Friday, March 1, 2024

The Rise and Fall of Mashlow Motlogelwa

How have the mighty fallen! On Thursday, Botswana Football Association (BFA) president Maclean Letshwiti relented to his first vice president Pelotshweu Marshlow Motlogelwa’s request to resign from his position.

After days of holding out the request and trying to persuade his erstwhile right-hand man to reconsider, the BFA president had to relent. For the football followers and administrators, Motlogelwa’s resignation was met with both derision and joy, depending where one stands.

For whatever reason, it seems that like Greek mythology’s Icarus, the now former BFA first vice president who had proverbial wax wings had flown too close to the sun, seeking not to take the cautionary route taken by his president Letshwiti. And like Daedelus, Letshwiti could only watch as the sun melted Motlogelwa’s wax stuck wings, sending him to an early demise.

Motlogelwa’s rise to power dates back to 2016 when, as the then member of the Tebogo Sebego led BFA National Executive Committee (NEC), he plotted the latter’s downfall and supported Letshwiti. Powered by the financial muscle of Gaborone United financier Nicholas Zakhem, the Letshwiti-Motlogelwa axis won.

What the axis failed to recognize back then was that by sacrificing morality for the entrapment of power and taking the financial backing of Zakhem, they were building a minotaur like monster. It was only later that they realized they could not satisfy their minotaur’s appetite.

Despite this, as the 2020 BFA elections came, the Letshwiti-Motlogelwa axis continued to feed their minotaur to devour their opposition as they climbed their way to power. “It was a win at all cost race and we had to everything possible to win. What we did not realise at the time was that we were building a monster,” one insider close to the BFA president reminisced.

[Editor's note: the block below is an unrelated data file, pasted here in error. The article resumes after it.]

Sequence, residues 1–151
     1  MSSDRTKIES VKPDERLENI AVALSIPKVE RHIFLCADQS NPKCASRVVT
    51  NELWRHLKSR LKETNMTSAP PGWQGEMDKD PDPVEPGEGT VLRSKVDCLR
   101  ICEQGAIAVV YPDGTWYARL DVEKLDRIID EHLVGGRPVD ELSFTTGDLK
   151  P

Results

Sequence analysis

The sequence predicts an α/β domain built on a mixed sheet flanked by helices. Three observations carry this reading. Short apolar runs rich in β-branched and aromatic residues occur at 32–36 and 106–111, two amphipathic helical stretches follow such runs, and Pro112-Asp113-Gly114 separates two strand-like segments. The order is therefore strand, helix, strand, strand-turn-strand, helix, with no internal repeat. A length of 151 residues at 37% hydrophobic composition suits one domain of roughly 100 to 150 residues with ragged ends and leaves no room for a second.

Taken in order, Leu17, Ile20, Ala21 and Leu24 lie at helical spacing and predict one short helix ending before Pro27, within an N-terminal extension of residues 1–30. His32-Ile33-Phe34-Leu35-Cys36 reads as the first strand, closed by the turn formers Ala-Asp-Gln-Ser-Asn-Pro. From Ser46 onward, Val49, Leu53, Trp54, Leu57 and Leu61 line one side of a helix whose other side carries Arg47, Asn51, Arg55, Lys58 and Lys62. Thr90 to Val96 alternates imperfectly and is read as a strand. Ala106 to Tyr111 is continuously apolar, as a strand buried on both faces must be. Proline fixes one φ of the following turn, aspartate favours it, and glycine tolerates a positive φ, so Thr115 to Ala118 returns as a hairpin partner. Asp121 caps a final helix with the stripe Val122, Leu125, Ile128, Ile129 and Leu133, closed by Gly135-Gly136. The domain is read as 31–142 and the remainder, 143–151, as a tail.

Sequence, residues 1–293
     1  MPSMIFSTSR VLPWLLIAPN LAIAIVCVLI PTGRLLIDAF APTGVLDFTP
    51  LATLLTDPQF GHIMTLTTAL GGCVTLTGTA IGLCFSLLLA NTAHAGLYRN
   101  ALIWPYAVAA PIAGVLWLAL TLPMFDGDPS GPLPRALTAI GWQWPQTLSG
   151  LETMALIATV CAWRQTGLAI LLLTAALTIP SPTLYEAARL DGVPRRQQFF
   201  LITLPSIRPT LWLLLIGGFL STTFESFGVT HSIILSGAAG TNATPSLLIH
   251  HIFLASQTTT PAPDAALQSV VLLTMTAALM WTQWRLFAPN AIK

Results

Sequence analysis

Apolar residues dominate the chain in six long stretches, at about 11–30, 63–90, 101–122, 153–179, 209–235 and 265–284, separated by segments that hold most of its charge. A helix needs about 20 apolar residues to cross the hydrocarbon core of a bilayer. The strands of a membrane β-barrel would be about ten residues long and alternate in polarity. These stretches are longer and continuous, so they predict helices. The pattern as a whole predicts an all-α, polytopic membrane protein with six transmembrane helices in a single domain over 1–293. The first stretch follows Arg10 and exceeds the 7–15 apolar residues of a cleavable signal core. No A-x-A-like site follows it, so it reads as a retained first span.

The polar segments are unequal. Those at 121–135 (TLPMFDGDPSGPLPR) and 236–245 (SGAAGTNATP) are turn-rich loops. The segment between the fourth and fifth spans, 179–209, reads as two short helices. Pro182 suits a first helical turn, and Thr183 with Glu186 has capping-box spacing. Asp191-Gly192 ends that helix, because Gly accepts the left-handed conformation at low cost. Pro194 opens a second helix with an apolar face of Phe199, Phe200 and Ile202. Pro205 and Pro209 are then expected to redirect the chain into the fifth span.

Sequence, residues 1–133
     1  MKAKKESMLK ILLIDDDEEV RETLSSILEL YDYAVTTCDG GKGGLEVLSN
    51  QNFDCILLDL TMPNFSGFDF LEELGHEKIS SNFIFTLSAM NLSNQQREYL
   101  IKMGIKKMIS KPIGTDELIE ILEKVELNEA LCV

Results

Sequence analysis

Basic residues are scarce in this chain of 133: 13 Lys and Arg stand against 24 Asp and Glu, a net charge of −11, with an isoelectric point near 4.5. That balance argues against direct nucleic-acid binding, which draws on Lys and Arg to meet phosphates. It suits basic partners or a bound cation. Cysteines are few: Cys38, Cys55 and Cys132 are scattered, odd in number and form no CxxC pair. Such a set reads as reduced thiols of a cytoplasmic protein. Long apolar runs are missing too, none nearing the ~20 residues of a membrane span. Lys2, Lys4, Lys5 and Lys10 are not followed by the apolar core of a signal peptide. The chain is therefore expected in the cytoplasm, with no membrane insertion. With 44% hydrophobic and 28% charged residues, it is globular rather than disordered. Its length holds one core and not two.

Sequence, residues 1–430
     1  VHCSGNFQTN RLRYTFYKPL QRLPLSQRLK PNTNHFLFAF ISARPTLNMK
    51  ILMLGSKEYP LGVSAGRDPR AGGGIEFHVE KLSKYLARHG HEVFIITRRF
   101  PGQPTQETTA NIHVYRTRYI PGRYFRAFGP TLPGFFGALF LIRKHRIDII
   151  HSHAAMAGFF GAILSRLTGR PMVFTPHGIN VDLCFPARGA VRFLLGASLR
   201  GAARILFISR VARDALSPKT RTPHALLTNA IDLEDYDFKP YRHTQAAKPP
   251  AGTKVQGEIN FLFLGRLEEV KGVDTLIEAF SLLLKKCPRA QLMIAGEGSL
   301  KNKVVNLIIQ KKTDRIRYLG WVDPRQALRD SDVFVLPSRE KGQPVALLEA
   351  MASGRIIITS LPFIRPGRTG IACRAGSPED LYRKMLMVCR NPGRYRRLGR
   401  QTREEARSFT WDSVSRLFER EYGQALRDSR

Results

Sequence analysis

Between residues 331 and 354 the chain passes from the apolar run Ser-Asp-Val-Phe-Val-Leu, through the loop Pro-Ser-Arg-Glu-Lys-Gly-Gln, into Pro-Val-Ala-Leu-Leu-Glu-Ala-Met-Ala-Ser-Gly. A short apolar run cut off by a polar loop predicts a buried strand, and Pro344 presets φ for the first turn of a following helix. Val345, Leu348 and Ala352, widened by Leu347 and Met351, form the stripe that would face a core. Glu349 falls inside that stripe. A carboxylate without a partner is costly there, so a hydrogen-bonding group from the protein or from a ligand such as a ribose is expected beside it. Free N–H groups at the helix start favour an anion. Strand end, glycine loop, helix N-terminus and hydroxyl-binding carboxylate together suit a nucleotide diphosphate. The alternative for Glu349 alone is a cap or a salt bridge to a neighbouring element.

With the elections now past, Zakhem, it seems, lusted for more glory, power and control, which the BFA seemed not ready to do. In an instant, the minotaur in him went for the jugular and started tearing into the BFA. Seeking to calm him and build a labyrinth to control him, the Letshwiti-Motlogelwa axis gave him all the power he sought. Now, they were trapped in the labyrinth along with him. This Motlogelwa would come to realise as he sought to stand toe to toe with Zakhem.

These audacious attempts to stand against Zakhem resulted in concerted efforts to take him out. These came to the fore as the BFA found itself caught in the ‘misallocation of funds’ saga which has resulted with the firing of the association Secretary General Goabaone Taylor.

Already, there have been three attempts to take out Motlogelwa and in all that he had survived. With Taylor now fired however, the heat was now back on the former first vice president as the one tasked with oversight of Taylor and the BFA finances.

Having failed in previous attempts to get rid of the BFA first vice president, Zakhem flexed his muscles. Armed with more support within the BFA NEC than the Letshwiti-Motlogelwa axis, it was open season once again and Motlogelwa was the target.

“The plan was for a motion to suspend Motlogelwa to be tabled. Knowing that Zakhem had the numbers in the NEC for the motion to suspend him to pass, Motlohelwa knew he would lose and he resigned.”

“The truth is that Zakhem is in control of both the BFA NEC and the Botswana Football League (BFL),” a BFA NEC member close to Letshwiti said. “He just orders anyone to jump and all we do is ask how high. Motlogelwa was the only person who tried to stand up against him but it was all futile. This is why he is now taking the fall,” the source said.

Reached for comment, Motlogelwa said he opted to jump before he could be suspended. He said as it stands, he had more to lose if he allowed himself to be suspended for ‘funds misallocation’ when he knew the power of numbers and not the truth was being used to pursue him.

Reiterating what he wrote in his resignation letter to the BFA president, he said allowing himself to be suspended would have put a stain in his career as a chartered accountant.

“When the false accusations started heating up, I had a query from Botswana Institute of Chartered Accountants (BICA) asking for clarification. The only thing that saved me was that I am not operational in the BFA but rather on the oversight role,” he explained.

“Having considered all these as well as the harm it would have had in my professional career, I felt my position within football was no longer tenable. I had to resign,” he said.

Meanwhile, the fall of Motlogelwa is said to leave Letshwiti on shaky ground as the BFA president. With just one or two NEC members on his side following his vice president’s resignation, Letshwiti is now said to be at the mercy of Zakhem.

“We have lost our grip of the NEC as well as the regions. This leaves Letshwiti in a position where if a motion of no confidence is tabled as I suspect it may be at the next BFA General Assembly, he will be relieved of his presidency,” said a source.


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